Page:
This unusual exhibit features sculptor Patrick Dougherty working “live” through the month of February to create one of his fantastical structures in the Fuller Garden. Using his hands and simple tools, Dougherty, who’s in his 70s, and a team of local volunteers weave, twist and shape tree saplings into something unique. Dougherty’s past works have included large-scale tunnels, huts, cocoons, animal and human figures, mazes and more. They’re designed for interaction thanks to entryways and windows being part of each structure. Kids love the work, but so do adults. Dougherty, who hails from North Carolina, combines his background in art history and sculpture with carpentry skills and a love of nature. He has worked around the world — sticks are beloved universally — has won numerous awards and has been featured on CBS Sunday Morning. The finished piece will remain in the garden for as long as nature allows, typically a year. Viewing is included with the price of general admission; check the website for details.


Kintaro Ramen

Chef Jesus Garcia returns to Crockett Row at West 7th to turn Oni Ramen into Kintaro Ramen. Kintaro, which means “golden boy,” opened last April in downtown Arlington and later as a ghost kitchen, which offers takeout only, in Fort Worth. Crockett Row Kintaro offers the same menu as in Arlington: half a dozen noodle soups, including a vegetarian version that also will be available in vegan form; several appetizers including gyoza; a la carte dishes including braised pork belly and bamboo shoots; and a few specials, which will change monthly instead of weekly. Look for dishes such as lamb birria or gumbo-style ramen. The soups feature temomi noodles, which are hand-pressed before cooking, creating a flatter, more undulating style similar to fettuccine. The bar offers beer and sake only. Dining in is an option, as is takeout.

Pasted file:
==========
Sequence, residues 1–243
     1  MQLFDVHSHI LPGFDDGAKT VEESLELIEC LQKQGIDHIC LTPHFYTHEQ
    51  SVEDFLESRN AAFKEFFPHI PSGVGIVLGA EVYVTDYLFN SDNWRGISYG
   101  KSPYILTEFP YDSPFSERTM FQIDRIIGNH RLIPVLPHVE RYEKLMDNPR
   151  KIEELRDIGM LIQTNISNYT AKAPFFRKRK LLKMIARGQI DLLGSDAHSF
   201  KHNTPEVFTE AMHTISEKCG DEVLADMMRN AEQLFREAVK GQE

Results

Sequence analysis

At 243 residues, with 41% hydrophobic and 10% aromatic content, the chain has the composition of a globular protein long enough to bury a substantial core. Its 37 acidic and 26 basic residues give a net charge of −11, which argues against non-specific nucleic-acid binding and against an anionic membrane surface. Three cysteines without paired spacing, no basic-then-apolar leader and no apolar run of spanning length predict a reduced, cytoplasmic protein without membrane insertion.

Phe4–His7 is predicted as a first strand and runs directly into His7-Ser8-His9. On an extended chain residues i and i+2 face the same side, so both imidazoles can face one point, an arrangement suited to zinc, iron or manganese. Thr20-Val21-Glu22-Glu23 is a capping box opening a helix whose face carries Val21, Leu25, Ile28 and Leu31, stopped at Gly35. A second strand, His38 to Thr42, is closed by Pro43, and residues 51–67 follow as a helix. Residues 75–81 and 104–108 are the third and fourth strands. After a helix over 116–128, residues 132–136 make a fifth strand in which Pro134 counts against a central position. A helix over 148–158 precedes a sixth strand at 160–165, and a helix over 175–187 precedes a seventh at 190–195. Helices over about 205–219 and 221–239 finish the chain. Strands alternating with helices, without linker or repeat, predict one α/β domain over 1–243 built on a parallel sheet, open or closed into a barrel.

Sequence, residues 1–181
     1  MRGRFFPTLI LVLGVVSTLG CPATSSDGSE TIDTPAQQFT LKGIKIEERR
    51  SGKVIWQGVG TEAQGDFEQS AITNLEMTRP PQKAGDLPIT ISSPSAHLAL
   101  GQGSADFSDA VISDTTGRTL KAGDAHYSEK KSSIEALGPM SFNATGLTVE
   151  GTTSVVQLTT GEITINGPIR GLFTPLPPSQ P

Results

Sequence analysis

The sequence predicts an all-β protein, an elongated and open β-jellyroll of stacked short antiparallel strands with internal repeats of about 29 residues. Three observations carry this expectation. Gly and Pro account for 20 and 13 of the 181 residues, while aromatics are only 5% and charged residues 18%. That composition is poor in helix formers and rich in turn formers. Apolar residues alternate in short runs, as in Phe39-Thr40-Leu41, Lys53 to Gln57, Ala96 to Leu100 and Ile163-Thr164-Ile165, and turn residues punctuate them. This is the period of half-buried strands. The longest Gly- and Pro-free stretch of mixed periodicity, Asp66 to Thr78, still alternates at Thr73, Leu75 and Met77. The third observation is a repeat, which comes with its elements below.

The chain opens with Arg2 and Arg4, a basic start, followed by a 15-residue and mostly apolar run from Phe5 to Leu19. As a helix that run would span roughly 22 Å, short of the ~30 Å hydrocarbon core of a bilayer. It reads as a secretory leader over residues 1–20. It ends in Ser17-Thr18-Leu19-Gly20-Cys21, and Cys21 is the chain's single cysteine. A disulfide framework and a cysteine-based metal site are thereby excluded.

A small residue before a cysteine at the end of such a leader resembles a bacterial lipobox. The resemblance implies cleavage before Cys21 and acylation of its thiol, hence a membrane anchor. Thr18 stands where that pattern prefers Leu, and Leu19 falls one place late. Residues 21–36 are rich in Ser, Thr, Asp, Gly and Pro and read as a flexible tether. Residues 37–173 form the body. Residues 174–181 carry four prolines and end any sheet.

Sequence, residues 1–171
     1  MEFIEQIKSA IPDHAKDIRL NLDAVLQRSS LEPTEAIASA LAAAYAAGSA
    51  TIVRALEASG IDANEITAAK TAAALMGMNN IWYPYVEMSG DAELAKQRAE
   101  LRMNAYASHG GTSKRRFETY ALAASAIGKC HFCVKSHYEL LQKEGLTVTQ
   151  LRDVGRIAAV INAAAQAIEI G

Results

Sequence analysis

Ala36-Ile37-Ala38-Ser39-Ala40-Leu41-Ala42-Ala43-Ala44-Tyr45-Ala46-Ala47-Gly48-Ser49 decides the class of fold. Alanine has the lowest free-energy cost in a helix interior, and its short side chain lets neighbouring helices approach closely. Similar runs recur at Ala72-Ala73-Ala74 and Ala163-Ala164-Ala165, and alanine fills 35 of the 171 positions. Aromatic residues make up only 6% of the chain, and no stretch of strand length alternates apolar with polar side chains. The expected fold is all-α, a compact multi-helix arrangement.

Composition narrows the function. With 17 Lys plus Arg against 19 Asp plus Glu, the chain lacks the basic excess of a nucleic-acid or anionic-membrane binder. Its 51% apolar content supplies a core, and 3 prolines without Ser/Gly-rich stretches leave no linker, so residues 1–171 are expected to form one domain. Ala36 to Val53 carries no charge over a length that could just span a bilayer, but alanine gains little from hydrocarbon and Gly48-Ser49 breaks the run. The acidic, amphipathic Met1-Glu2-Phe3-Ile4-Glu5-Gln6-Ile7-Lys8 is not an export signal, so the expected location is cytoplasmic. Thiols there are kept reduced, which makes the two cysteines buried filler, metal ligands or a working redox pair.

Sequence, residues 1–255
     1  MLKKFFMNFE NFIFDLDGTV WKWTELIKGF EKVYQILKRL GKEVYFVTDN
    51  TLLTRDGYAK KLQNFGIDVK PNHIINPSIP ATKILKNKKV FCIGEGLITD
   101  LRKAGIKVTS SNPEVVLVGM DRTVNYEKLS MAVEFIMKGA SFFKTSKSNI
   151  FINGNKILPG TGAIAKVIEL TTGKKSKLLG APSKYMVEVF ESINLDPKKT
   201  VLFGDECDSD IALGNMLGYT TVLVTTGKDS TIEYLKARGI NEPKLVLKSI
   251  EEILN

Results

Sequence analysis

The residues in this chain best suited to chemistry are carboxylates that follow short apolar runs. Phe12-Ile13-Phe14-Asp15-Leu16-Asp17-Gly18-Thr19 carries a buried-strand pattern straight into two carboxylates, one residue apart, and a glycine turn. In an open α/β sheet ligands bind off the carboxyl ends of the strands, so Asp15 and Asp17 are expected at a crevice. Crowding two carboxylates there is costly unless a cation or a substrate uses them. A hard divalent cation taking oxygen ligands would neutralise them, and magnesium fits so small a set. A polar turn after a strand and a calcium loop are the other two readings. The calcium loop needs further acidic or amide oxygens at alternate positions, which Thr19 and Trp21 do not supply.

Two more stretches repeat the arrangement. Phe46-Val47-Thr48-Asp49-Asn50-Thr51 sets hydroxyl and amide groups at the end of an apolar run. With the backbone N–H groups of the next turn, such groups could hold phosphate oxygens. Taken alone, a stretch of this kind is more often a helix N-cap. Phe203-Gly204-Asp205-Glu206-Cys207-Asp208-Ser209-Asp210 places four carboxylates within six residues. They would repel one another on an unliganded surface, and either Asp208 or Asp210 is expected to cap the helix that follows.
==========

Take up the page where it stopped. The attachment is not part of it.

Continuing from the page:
Crockett Row at West 7th, 2801 W. 7th St., 817-887-9013, kintaroramen.com

Garcia sears smoked pork belly with a blow torch.
Photos by Meda Kessler


The pizza-pasta restaurant moved east on Camp Bowie Boulevard, took a smaller space and moved to delivery and takeout only. But the pizza is still solid; we like the veggie Neapolitan, pictured, and the meatballs are good for a couple of meals. You can also purchase wine (for takeout or delivery) along with beer, pasta, wings and salads.

4901 Camp Bowie Blvd., 817-439-7676, olivellas.com/fort-worth 

Photos by Meda Kessler


Rendering courtesy of Bowie House

Bowie House Hotel ready to break ground

Prominent horse breeder Jo Ellard lives in Dallas, but the former president of the National Cutting Horse Association has spent more than a little time at Will Rogers Equestrian Center. And she has long felt the horse crowd and other tourists would support a personable boutique inn on the bricks. Her answer: Bowie House Hotel, a four-story, 120-room, high-end accommodation on the former site of The Ginger Man on Camp Bowie Boulevard. Aiming for a late 2022 opening, the hotel’s amenities will include a restaurant, lobby bar, pool, spa and fitness center. Eleven luxury town homes will sit on the property lines adjoining the North Hi Mount neighborhood. Ellard expects to break ground before the end of February. She notes that a weekly meeting with “the team” — including Dunaway Associates, Bennett Benner Partners and BOKA Powell — has answered some concerns in an online petition (signed by almost 200 residents) spearheaded by Arlington Heights resident Julie Hunter. Concerns about traffic and Bowie House maintaining “the neighborhood commercial scale and character of the historic section” were joined by a request for a parking plan. Ellard says a traffic study has been favorable and that an arrival porte-cochere has been enlarged to hold more vehicles. As for scale, Wade Chappell, executive director of Camp Bowie District, is optimistic: “We expect the Bowie House to reflect the unique history and culture of not only the businesses but also the surrounding neighborhoods.” Ellard says there are no significant changes in the footprint presented to the City Council, but the design has been tweaked. “I don’t want to give away all of the surprises, so I will just say it is going to be a very handsome building.” — Babs Rodriguez